As a small-business owner, does it feel like there is never enough time in the day—no matter how hard you work? You are not alone.
According to a number of surveys, entrepreneurs put in way more than 40 hours a week. In fact, the majority spend more than 50 hours per week at their companies, with many hitting an average of 60 to 100 hours. In the short term, it can be awesome to get the needle moving. But for an extended period of time, this type of workload can lead to all kinds of problems—mentally and physically—as well as take a toll on your family life.
Luckily, it doesn’t have to be that way. With the right time-management skills, you’ll be amazed how productive and efficient you can be. To get you started on getting your life back, we’ve asked a number of super successful EntreLeaders for their best advice. Here are their top tips.
- Within the past year, I did a 60-day time study. The results were clear. As the business owner, I was spending much of my time doing things that I should have had other people doing. I wasn't really surprised. But the black-and-white data made it obvious to me and others who advise me. From there, I made some personnel decisions that freed me up to invest more in direction and development of people.
—Charlie Quaile, Chimneys Plus Gutter Solutions, Moncure, North Carolina
- Most leaders spend a great deal of their valuable time in meetings, and rightly so. But time spent in a bad meeting is time spent on something that’s not going to provide a return on the investment. Patrick Lencioni’s book Death By Meeting is a fantastic resource for learning how to facilitate effective, efficient and meaningful meetings.
—Nate Fleischer, OneGuard Home Warranties, Phoenix
- Scheduling even the smallest task in your calendar is key. Spending the time each week to do it makes for really productive days for me. It saves a ton of time wondering which project or task to do next. I also highly recommend time chunking of like tasks.
- I have a sheet of paper for each day. It’s where I write out my priority activities for each area:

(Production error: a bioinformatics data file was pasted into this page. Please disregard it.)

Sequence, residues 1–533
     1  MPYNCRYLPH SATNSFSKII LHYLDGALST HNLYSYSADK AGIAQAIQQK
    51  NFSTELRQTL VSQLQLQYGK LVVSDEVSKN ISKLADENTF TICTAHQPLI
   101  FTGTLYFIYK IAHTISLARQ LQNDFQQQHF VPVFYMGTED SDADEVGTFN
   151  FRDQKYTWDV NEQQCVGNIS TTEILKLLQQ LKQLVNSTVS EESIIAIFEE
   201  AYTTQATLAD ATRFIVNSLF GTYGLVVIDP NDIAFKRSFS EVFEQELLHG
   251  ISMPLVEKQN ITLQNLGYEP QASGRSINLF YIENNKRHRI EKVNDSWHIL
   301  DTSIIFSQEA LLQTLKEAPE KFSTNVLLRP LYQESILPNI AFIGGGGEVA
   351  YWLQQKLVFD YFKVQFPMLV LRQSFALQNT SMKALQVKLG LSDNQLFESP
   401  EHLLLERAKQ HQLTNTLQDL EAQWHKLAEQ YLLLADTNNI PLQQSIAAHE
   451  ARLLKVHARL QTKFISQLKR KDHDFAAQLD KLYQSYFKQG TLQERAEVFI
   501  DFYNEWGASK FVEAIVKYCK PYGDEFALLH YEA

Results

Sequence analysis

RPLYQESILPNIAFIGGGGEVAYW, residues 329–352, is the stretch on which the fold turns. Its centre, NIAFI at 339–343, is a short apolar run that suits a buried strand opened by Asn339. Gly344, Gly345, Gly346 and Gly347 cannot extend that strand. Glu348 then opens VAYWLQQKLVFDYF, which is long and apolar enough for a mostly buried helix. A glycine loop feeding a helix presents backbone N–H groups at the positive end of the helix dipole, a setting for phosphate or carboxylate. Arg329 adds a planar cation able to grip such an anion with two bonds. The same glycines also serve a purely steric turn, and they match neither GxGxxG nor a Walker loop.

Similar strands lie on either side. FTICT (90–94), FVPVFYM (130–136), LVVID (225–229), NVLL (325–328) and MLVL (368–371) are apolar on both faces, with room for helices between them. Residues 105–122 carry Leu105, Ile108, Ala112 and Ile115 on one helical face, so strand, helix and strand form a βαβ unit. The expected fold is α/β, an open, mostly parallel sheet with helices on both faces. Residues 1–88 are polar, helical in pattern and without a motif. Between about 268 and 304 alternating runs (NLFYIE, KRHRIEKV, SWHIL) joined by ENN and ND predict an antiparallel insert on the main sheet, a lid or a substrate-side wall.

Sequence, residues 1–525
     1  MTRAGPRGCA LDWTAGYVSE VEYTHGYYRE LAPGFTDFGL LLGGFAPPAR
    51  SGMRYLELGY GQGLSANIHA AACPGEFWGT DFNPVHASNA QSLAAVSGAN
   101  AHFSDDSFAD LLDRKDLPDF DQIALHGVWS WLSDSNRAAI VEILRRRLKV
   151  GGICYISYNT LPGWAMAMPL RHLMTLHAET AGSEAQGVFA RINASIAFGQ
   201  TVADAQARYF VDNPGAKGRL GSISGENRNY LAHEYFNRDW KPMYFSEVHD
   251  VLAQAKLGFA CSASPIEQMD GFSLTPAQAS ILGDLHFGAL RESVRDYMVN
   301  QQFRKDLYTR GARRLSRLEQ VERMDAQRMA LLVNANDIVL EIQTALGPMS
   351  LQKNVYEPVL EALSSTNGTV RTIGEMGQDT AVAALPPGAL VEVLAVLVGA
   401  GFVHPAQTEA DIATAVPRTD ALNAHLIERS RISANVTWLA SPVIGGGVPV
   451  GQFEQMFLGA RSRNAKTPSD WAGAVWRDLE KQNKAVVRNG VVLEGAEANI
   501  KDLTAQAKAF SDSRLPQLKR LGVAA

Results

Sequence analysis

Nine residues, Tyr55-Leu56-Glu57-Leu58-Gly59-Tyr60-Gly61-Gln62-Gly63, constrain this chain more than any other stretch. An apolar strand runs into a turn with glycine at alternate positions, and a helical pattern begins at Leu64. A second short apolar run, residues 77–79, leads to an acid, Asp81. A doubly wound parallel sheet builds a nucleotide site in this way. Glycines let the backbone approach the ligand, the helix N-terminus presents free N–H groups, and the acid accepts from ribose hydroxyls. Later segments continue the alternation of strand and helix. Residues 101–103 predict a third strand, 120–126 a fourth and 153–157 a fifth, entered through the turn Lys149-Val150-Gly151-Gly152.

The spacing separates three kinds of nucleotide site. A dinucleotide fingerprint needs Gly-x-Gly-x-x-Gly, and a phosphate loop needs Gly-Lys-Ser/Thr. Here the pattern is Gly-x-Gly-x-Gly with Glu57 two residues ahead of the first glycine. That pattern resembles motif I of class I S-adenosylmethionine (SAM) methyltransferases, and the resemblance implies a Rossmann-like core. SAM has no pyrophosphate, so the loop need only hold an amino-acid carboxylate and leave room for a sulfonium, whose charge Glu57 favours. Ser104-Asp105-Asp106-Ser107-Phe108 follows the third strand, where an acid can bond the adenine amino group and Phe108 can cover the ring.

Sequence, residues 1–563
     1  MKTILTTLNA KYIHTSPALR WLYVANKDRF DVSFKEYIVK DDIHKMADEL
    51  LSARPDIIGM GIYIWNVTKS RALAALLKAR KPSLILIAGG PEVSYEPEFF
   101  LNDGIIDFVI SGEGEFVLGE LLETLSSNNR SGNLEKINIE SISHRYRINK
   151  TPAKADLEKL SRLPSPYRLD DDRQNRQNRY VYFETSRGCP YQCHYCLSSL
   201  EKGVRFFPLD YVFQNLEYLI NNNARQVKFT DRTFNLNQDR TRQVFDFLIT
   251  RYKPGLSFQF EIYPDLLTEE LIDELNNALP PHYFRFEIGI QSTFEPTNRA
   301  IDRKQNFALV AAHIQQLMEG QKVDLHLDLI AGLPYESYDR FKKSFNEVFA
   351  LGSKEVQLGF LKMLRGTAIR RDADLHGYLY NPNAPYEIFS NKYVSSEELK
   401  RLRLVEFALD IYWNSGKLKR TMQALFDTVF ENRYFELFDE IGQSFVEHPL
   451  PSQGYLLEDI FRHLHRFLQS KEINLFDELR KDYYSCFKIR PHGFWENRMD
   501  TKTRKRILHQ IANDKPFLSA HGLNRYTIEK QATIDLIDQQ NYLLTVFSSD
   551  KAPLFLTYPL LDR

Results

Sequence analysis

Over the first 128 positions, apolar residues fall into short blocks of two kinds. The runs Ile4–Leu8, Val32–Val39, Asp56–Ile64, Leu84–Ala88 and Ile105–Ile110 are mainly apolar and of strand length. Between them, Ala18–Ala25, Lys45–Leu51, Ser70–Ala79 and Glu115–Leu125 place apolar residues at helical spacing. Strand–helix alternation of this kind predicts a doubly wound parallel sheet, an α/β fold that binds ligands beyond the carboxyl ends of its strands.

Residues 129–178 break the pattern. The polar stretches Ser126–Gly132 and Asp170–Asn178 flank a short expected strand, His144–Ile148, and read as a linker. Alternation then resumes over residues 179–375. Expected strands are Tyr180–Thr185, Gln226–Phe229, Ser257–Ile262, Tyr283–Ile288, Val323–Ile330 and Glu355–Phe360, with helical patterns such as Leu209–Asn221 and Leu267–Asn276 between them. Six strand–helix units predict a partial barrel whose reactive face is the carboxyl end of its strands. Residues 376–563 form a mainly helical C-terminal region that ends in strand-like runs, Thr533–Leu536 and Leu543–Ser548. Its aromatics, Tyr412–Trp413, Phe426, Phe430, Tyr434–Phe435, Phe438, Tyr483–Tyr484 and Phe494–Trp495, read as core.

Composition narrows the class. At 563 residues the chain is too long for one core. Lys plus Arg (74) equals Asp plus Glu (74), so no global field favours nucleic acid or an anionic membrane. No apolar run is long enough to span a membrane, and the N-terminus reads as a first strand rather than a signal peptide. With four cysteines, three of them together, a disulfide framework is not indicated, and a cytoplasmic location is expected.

I make sure I address each area and check off the activities as I am doing them. I review my goals and do my gratitude journal first so that my heart and my mind are focused and sharp to select the best use of my time.
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—Joseph Nelson, Stewardship Investments, Bagley, Minnesota
- I ask myself daily what's the ONE thing I need to do now that will positively affect reaching our goals and accomplishing our mission as a company.
—Kevin Wallenbeck, InteractRV, Midland, Michigan
- My number-one time-saving tip is delegation. Use your organizational chart and delegate what needs to be done. I must say, though, I am still working on it, but it is a priority.
—John Patterson, WORD International, Elon, North Carolina
- Turning off all email and social media notifications on my cell phone has saved me a tremendous amount of time. Without a constant barrage of notifications, I can focus on what's important for my business.
—Tyler Hudgins, Social Tech Consulting, Higley, Arizona
- Doing daily huddles with our leadership team saves time in communications and reducing email traffic. Our huddles are limited to 15 minutes. Everyone reports what they are up to, what they are stuck on and need help with, and the one thing they are going to accomplish that day that will make a difference.
—Allen Howell, Corporate Flight Management, Smyrna, Tennessee
- This doesn't happen every day but when my husband and I get to ride together, I can get through most of my emails before we arrive. It really gives me a head start to my day.
—Audra Turner, Paul Mitchell the School, Dallas
- Take the time every day to look at your schedule not only a week into the future to help prepare, but also a week back, ensuring you’ve picked up loose ends and moved the ball forward on any unfinished business.
—Ken Babby, Fast Forward Sports Group, Akron, Ohio
- If I have the same thing to do for multiple clients, it’s better for me to work through them at the same time and then move to another activity. Time blocking for call-backs, etc. helps too.
—Amy Cook, Waddell & Reed, San Mateo, California
- For home, it’s having meals prepped ahead. So after work or school/sports, it doesn't feel so overwhelming. It saves money by not ending up eating out because you don't feel up to cooking/cleaning. And it preserves family time! For work, it’s making to-do lists and clumping tasks by location or type.
—John and Shannon Graves, All Points Safety Services, Grand Rapids, Michigan
- My number-one tip? Treat your day as you do your budget and plan your time before you spend it, instead of wondering where your time went.
—Tim Marquez, A-Best Industrial, San Pedro, California
- One of the best time-savers is to create a to-do list in a spreadsheet. My tasks are organized by priority: A=today, B=tomorrow, C=next week, and D=whenever.
—Jason Apol, Logicraft Industrial Systems, Hopkins, Michigan
- Our lives are so busy, Sharon and I put absolutely everything on our calendar. We even schedule the stuff we really shouldn’t have to, like date night. We block that time out. We are very careful and intentional about rest, recreation, exercise, our marriage time and kid time.
Want to learn more about managing your time? Check out our EntreLeadership podcast, which features some of the top business brains in the world discussing work-life balance and productivity, plus many other great subjects that will help your business grow. Subscribe now. It’s free!